You come from a management consulting background. What attracted you to Axiom Asia?

The one thing I’ve learnt and taken to heart the most as a management consultant is to always solve business problems unselfishly for clients, seeing it from their perspective and doing it for their benefit. The objective is always to help clients find a better than legacy way of doing things and this is exactly why I was attracted to Axiom in the first place. Axiom listens to its customers and creates what they need, rather than preserving self-interest or finding ways to optimise profits from an internal point of view.

At Axiom Asia, not only am I given the opportunity to continue providing professional consulting services to clients, I am also given the opportunity to operate and grow a unique business first hand. Doing all this back in my home town after many years abroad is the icing on the cake!

How will the Asia-Pacific legal services sector change in the next five years — and where will Axiom Asia be in 2020?

I am reluctant to say if we will see drastic changes in the next five year in the form of exits and entrants in the market, but I do believe that there will be fundamental “sector DNA” changes. Due to the diverse nature of the region, these changes will be more prominent in some countries than others, but nonetheless, Asia-Pacific is catching up! The legal services industry is becoming more innovative and more technology enabled – and I don’t mean merely implementing the latest billing or CRM systems. In the next few years, I believe we will see legal services providers in the region take step changes to the way they approach the business of law, regardless if they are “BigLaw” firms or “NewLaw” companies. Traditional ways of optimising service delivery or scale (for example changing fee structures, combining firms) will no longer suffice. Clients will become more sophisticated and therefore, more demanding. Legal Services providers will need to think outside the box about how to become a customer-centric organisation that delivers legal services in a more simplistic and transparent manner, i.e. to think of better ways of doing things.

To answer your second question, as long as we continue to demonstrate the characteristics I mentioned and hold true to our core values, we will be successful at expanding and tailoring our services into 2020 as customer needs evolve. Our colleagues in the US and Europe are pioneering some fascinating and truly transformational projects that have yet to be brought out to Axiom Asia clients; I hope to see the same innovations being adopted by our clients here in the near future. As the legal industry continues to transform in the region, we also notice that legal professionals are increasingly looking for alternative ways to develop their personal and professional lives. I would also like to see Axiom Asia become better known as the company that nurtures business-oriented, ambitious and sophisticated legal professionals and clients.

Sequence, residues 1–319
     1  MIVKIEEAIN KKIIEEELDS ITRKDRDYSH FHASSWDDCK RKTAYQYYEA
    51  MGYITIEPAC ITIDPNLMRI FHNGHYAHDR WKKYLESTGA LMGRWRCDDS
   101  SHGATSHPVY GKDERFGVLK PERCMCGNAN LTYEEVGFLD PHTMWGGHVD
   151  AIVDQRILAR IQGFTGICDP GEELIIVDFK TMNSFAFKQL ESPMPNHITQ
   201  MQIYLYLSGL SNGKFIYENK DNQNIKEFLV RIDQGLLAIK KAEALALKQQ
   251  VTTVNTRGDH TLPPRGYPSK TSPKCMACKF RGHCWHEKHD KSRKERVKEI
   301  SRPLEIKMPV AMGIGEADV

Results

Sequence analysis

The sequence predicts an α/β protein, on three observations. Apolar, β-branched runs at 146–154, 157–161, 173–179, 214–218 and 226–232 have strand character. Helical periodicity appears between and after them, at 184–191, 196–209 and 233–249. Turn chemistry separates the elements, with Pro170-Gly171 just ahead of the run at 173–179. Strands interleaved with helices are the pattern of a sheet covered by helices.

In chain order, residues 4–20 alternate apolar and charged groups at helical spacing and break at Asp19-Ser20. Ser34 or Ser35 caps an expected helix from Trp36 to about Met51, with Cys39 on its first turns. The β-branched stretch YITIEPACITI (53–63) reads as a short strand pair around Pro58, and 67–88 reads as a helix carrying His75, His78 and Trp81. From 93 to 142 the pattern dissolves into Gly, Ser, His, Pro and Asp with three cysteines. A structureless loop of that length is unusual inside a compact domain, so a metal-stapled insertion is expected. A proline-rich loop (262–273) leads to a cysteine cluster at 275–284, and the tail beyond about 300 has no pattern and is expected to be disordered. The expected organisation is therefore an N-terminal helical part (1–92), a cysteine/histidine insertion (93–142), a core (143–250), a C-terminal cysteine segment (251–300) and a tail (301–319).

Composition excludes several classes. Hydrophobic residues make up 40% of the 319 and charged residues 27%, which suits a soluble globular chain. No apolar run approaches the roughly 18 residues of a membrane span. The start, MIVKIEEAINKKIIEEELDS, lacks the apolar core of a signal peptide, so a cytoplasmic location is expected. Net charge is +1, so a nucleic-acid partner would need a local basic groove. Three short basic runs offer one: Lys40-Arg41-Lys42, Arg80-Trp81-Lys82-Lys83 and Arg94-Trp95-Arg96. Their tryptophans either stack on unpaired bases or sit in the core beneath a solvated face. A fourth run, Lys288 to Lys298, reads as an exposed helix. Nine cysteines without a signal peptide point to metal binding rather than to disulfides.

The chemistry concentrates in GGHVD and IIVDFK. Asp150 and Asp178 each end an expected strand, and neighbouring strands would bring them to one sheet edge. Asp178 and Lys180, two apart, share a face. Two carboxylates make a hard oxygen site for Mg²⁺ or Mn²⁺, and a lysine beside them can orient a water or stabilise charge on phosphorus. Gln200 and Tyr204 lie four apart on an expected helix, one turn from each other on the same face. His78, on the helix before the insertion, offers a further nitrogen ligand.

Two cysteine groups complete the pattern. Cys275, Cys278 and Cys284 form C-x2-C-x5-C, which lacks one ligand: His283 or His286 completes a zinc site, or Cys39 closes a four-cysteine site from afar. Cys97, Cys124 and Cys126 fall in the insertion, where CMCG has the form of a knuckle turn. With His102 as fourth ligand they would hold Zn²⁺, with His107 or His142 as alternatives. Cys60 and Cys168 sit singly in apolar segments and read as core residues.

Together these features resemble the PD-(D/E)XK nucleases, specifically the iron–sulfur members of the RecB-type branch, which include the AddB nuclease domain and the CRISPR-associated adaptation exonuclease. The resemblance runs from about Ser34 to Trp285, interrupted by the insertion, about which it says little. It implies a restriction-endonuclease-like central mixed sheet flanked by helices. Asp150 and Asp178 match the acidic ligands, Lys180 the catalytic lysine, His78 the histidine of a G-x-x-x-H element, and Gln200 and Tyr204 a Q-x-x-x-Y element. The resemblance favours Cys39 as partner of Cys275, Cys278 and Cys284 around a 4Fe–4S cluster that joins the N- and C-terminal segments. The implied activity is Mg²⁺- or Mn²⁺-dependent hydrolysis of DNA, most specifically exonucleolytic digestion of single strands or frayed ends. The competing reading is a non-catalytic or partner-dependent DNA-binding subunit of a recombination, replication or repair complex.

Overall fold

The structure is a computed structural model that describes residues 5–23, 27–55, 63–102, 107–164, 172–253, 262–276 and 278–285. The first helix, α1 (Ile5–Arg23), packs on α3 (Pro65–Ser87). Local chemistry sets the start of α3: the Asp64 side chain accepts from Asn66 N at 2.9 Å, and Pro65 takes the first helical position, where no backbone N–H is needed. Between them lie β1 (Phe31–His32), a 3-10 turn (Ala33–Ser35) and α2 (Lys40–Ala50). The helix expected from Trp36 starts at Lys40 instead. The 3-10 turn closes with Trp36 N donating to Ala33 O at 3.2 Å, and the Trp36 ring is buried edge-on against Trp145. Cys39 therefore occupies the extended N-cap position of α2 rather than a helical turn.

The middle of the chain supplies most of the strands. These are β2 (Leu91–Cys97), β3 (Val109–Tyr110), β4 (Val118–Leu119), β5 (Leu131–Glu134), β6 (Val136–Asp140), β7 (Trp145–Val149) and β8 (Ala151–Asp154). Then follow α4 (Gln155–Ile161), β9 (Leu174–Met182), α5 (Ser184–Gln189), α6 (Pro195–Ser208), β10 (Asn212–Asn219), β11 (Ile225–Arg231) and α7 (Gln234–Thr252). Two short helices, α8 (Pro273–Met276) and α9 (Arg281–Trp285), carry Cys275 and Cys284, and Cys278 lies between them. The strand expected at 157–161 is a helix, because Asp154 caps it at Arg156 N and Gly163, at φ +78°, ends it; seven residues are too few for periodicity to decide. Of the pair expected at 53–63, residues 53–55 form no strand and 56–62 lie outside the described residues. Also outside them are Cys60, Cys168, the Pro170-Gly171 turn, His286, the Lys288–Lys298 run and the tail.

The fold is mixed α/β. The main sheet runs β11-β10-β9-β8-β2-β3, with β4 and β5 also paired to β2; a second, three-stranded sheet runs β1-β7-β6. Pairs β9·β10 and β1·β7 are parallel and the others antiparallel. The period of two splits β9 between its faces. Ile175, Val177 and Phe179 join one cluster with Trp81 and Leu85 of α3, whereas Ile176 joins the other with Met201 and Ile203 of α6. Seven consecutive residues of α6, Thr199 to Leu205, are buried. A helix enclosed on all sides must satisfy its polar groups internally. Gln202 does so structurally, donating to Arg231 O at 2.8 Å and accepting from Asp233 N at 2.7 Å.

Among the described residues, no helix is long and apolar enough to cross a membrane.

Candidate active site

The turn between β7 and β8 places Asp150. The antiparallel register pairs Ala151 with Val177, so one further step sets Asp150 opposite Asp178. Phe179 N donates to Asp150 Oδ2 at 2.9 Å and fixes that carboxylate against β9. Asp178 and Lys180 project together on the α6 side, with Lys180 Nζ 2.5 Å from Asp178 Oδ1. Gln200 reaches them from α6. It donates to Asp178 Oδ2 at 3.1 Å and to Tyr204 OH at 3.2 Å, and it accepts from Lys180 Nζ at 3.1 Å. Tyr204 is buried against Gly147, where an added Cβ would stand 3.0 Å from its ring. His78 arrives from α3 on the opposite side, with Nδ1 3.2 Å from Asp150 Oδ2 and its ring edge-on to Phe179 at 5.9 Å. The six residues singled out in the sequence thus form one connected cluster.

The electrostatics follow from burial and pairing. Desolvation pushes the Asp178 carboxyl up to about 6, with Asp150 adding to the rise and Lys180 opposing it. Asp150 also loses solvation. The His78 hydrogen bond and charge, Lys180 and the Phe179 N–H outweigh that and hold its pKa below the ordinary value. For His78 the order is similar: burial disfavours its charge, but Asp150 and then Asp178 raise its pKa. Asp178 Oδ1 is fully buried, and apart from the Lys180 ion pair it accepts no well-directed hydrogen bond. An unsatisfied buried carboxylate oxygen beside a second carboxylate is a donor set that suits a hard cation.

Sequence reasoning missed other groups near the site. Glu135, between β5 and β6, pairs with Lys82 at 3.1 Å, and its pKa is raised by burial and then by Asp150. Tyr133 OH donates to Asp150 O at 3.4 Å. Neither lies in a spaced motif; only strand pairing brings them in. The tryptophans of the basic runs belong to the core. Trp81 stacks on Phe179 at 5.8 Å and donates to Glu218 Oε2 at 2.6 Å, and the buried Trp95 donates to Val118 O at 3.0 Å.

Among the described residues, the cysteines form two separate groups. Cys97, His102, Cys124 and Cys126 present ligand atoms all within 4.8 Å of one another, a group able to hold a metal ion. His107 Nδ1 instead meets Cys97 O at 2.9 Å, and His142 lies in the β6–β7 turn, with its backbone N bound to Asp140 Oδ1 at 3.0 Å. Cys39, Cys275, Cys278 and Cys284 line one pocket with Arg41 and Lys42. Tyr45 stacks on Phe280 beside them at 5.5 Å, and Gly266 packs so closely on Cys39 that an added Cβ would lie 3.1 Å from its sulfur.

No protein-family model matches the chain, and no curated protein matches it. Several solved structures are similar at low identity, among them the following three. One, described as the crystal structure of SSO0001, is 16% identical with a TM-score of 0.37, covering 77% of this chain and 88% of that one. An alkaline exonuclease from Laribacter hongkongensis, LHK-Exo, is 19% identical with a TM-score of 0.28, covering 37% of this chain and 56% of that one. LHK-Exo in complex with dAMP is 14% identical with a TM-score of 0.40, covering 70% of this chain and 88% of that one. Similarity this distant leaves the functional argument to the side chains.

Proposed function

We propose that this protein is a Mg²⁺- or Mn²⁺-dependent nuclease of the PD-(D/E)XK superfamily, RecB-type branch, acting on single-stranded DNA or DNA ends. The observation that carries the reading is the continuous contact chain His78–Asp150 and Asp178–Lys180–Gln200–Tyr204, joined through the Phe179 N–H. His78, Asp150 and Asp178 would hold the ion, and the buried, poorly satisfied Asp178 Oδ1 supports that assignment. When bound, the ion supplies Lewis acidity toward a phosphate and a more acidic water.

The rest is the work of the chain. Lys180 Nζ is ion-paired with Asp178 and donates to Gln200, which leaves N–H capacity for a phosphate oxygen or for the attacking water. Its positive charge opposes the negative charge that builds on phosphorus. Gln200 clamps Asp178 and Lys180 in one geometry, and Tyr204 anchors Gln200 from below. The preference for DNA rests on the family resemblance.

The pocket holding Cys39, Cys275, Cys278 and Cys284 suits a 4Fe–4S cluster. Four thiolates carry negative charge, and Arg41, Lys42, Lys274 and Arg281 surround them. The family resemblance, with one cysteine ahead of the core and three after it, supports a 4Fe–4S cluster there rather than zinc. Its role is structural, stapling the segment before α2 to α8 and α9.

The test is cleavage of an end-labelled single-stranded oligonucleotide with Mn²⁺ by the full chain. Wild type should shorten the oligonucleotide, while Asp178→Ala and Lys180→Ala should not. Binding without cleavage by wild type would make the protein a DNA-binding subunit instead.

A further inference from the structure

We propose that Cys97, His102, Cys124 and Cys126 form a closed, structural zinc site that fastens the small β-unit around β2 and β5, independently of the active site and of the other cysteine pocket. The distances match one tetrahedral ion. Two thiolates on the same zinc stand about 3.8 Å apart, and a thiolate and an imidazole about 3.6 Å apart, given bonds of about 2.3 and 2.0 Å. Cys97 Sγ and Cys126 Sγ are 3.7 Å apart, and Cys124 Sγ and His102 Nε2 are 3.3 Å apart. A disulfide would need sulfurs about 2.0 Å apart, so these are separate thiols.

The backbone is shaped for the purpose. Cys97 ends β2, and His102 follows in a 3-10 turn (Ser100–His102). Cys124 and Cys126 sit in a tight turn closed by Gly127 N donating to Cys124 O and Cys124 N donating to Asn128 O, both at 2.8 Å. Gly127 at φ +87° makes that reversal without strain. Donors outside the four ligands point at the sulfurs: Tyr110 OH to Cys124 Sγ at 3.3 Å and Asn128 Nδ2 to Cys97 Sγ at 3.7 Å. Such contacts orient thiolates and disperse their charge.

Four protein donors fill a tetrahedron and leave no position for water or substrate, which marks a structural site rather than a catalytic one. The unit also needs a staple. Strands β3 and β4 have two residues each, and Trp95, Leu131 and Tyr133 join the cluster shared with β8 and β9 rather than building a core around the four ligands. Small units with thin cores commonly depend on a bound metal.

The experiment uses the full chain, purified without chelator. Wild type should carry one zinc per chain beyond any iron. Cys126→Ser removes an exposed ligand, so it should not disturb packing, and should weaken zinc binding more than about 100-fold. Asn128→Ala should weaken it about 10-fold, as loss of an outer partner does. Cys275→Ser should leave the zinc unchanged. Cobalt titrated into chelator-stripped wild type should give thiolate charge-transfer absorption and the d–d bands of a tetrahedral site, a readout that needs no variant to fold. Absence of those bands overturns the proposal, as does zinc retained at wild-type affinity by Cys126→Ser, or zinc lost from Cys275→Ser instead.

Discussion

What advice would you give today’s law students about career planning? Should Axiom be a focus for them as a potential future employer?

Traditionally, a career in law means one of two things – either join a law firm or work in-house. My advice to today’s law students would be to stay curious and open-minded. There are now alternative career options that may seem alien at first but have a lot more to offer in the long-term. Try not to immediately rule out ideas just because they don’t fit the status quo. A new name or a new model might just be the more rewarding option as one’s life priorities evolve! For example, Axiom attracts the world’s top legal professionals and has a very diverse work force (~50% women and ~40% minorities) because we truly care about what people want to do and we are determined to help them get there; from getting junior consultants the opportunity to work in areas or industries they’ve always dreamt of working in, to helping seasoned consultants find real work-life balance while doing sophisticated work. Companies like Axiom exist. They might do things differently, but law students today should definitely not rule them out.

Note: Axiom is not a law firm. Axiom Consultants are neither registered foreign lawyers nor Singapore or Hong Kong lawyers holding practising certificates.

Posted by John Grimley

John Grimley edits and publishes Asia Law Portal and is the author of A Comprehensive Guide to the Asia-Pacific Legal Markets. He specializes in providing writing, editing, research and strategy services to the corporate and professional services sectors. Between 2002 and 2008, he established and directed the European representative business development office of US AmLaw 100 law and public policy firm Patton Boggs LLP. At the inception of his career, he served as a writer to the President of the United States in the White House. A licensed American lawyer, he holds a Juris Doctor from the University of San Diego School of Law.